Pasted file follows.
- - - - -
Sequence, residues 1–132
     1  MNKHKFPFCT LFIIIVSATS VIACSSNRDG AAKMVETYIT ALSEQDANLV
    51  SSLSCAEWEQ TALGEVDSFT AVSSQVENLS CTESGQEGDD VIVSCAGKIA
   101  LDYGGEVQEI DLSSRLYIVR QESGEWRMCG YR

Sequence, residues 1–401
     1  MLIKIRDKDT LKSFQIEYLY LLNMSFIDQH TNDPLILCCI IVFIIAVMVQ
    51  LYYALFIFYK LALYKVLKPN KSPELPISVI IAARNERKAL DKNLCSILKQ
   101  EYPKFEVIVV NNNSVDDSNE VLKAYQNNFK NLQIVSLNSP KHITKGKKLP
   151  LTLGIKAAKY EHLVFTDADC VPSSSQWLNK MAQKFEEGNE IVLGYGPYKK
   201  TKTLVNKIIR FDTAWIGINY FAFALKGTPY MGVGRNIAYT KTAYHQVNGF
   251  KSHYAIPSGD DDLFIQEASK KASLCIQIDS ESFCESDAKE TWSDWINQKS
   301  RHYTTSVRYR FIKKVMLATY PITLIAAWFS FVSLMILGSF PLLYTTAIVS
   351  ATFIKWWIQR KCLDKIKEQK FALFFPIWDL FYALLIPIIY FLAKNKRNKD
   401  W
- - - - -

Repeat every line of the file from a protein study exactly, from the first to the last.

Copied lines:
Sequence, residues 1–132
     1  MNKHKFPFCT LFIIIVSATS VIACSSNRDG AAKMVETYIT ALSEQDANLV
    51  SSLSCAEWEQ TALGEVDSFT AVSSQVENLS CTESGQEGDD VIVSCAGKIA
   101  LDYGGEVQEI DLSSRLYIVR QESGEWRMCG YR

Sequence, residues 1–401
     1  MLIKIRDKDT LKSFQIEYLY LLNMSFIDQH TNDPLILCCI IVFIIAVMVQ
    51  LYYALFIFYK LALYKVLKPN KSPELPISVI IAARNERKAL DKNLCSILKQ
   101  EYPKFEVIVV NNNSVDDSNE VLKAYQNNFK NLQIVSLNSP KHITKGKKLP
   151  LTLGIKAAKY EHLVFTDADC VPSSSQWLNK MAQKFEEGNE IVLGYGPYKK
   201  TKTLVNKIIR FDTAWIGINY FAFALKGTPY MGVGRNIAYT KTAYHQVNGF
   251  KSHYAIPSGD DDLFIQEASK KASLCIQIDS ESFCESDAKE TWSDWINQKS
   301  RHYTTSVRYR FIKKVMLATY PITLIAAWFS FVSLMILGSF PLLYTTAIVS
   351  ATFIKWWIQR KCLDKIKEQK FALFFPIWDL FYALLIPIIY FLAKNKRNKD
   401  W